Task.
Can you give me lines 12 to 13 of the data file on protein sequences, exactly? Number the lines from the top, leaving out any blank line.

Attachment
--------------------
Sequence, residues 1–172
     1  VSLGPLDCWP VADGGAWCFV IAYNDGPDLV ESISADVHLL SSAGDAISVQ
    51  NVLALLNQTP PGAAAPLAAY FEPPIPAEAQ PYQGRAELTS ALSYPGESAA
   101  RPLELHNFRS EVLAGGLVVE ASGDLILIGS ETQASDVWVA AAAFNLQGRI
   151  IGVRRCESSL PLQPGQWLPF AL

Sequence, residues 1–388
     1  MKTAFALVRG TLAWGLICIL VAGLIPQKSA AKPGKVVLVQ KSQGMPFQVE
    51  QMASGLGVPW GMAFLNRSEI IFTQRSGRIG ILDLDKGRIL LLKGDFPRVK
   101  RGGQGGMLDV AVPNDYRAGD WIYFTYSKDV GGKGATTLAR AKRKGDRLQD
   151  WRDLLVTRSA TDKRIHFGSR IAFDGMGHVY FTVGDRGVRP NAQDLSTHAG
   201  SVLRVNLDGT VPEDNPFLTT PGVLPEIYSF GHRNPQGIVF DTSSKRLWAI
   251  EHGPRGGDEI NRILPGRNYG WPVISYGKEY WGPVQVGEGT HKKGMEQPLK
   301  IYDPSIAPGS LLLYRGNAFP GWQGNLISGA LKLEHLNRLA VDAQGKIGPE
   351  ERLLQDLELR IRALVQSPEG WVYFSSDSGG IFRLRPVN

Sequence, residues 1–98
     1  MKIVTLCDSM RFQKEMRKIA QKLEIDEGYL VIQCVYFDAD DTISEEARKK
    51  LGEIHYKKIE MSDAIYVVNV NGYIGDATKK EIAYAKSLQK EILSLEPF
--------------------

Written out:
   251  EHGPRGGDEI NRILPGRNYG WPVISYGKEY WGPVQVGEGT HKKGMEQPLK
   301  IYDPSIAPGS LLLYRGNAFP GWQGNLISGA LKLEHLNRLA VDAQGKIGPE